The Inspired Volunteer

A blog to inspire the Youth Volunteers of Shepherd Church

Tripping on Comparison — October 20, 2015

Tripping on Comparison

Post by: Garrison Polsgrove
Youth Discipleship Pastor at Shepherd Church


The other day I was on a treadmill at the gym trying to watch a football game on a TV positioned slightly to the right. After about five minutes of straining my neck my foot stepped off the moving tread and I almost fell and broke my face! Luckily I caught my balance and kept running. Although, I’m not sure if I was more shaken up by almost falling or by the thought of everyone in the gym laughing at me. Needless to say, my interest in watching the football game was no longer there.

The lesson I learned on the treadmill that day reminded me of what happens when I take my attention off becoming the person Christ has called me to be, I fall. When I start to look around for people’s approval to justify what I know Christ has called me to do I get tripped up in self-doubt and insecurity. I hate when I do that! So why do I?

After much thought I have come to the conclusion that I start to look to others when I lose intimacy with Christ. When I stop reminding myself of how much God loves me. When I stop talking to Him throughout the day as I drive and as I sit in Starbucks. When I stop asking Him to use me everyday to bless the people I see. When I stop asking the Holy Spirit to convict me and instead take to heart other people’s critical remarks. When I stop seeking my approval and worthiness from Christ I begin to look around to get it from others. How silly it is to seek a compliment from creation when I can daily accept a truth from the Creator.

Being involved with discipling students can be a thankless job, especially when your students care more about what student is the cutest than how Christ wants to use them in amazing ways. It is tempting to compare yourself to other volunteers or other groups and question whether you are doing it right. Although there is nothing wrong with learning from others, it is always destructive to place rank on your involvement. Focus on being the best discipler of students YOU can possibly be and leave others to do the same.

Hebrews 12:1-2
Therefore, since we are surrounded by such a huge crowd of witnesses to the life of faith, let us strip off every weight that slows us down, especially the sin that so easily trips us up. And let us run with endurance the race God has set before us. We do this by keeping our eyes on Jesus, the champion who initiates and perfects our faith.”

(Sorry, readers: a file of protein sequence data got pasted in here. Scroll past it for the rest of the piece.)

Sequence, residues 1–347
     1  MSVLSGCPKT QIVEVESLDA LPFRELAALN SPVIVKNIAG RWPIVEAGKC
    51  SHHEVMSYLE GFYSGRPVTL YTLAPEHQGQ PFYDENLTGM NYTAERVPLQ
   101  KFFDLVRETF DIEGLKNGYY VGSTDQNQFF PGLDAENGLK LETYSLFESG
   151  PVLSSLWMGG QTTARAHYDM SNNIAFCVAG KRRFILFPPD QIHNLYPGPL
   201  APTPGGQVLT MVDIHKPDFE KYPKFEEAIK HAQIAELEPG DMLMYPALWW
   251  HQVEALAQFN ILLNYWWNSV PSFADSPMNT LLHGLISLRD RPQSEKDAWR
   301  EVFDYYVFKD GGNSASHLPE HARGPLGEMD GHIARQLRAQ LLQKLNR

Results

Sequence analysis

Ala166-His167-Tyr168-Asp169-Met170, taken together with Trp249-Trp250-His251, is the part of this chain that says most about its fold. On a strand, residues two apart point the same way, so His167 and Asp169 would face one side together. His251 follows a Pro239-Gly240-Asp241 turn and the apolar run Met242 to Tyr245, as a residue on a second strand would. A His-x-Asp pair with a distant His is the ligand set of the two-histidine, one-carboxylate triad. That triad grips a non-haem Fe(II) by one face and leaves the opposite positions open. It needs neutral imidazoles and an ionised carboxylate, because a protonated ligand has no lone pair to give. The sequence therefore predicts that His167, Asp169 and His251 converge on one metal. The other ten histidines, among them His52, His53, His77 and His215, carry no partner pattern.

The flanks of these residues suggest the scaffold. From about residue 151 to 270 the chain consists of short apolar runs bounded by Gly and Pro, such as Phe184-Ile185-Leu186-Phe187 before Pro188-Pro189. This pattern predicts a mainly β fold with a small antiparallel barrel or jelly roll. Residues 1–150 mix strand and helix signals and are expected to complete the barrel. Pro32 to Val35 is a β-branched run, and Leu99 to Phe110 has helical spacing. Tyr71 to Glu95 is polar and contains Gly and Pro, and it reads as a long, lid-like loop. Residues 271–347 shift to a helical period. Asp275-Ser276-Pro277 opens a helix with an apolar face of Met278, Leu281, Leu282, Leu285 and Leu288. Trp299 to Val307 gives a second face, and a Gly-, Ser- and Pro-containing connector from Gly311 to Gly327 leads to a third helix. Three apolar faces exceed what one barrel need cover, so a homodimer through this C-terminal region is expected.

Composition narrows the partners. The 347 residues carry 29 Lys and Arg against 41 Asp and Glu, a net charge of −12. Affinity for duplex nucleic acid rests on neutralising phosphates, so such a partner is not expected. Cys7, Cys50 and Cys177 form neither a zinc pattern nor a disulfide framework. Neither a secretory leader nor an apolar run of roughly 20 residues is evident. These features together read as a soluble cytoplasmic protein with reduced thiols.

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Discipline as Discipleship — October 13, 2015

Discipline as Discipleship

Post by: Garrison Polsgrove
Youth Discipleship Pastor at Shepherd Church.
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It is no coincidence the words “discipline” and “disciple” share the first seven letters. Both words come from the Latin root words disciplina and discipulus. Disciplina means “given instruction, teaching, learning, knowledge” and discipulus is the object of “given instruction, teaching, learning, and knowledge.” Thus, grammatically speaking a disciple is the object of one’s discipline.

Many of us do not see discipline in its correct light because we have all inevitably encountered someone who has abused the responsibility of instilling disciplining; an inconsistent teacher, an abusive parent, or a boss who dished out discipline without any respect or love for the person. Thus, when we are given the responsibility to discipline we shy away from exercising such power because we are still haunted by the memory of an abusive disciplinarian in our past. We may have even said the words, “When I’m in charge, I’ll be nothing like the parents I had!” Or “When I become a leader I am going to be more understanding than the leaders I experienced.” Therefore, instead of seeing love and discipline as co-contributors in the disciple-making process we see discipline as the enemy of love, or at least plan “B” if the whole love thing doesn’t work out.